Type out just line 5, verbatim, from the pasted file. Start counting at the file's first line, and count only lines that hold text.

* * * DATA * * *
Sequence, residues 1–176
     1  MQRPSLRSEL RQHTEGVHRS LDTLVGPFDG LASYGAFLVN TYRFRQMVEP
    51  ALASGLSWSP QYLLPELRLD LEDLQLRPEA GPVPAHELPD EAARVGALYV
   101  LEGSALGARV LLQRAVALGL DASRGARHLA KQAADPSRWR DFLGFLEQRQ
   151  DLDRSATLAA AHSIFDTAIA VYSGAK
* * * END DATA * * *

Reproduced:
   151  DLDRSATLAA AHSIFDTAIA VYSGAK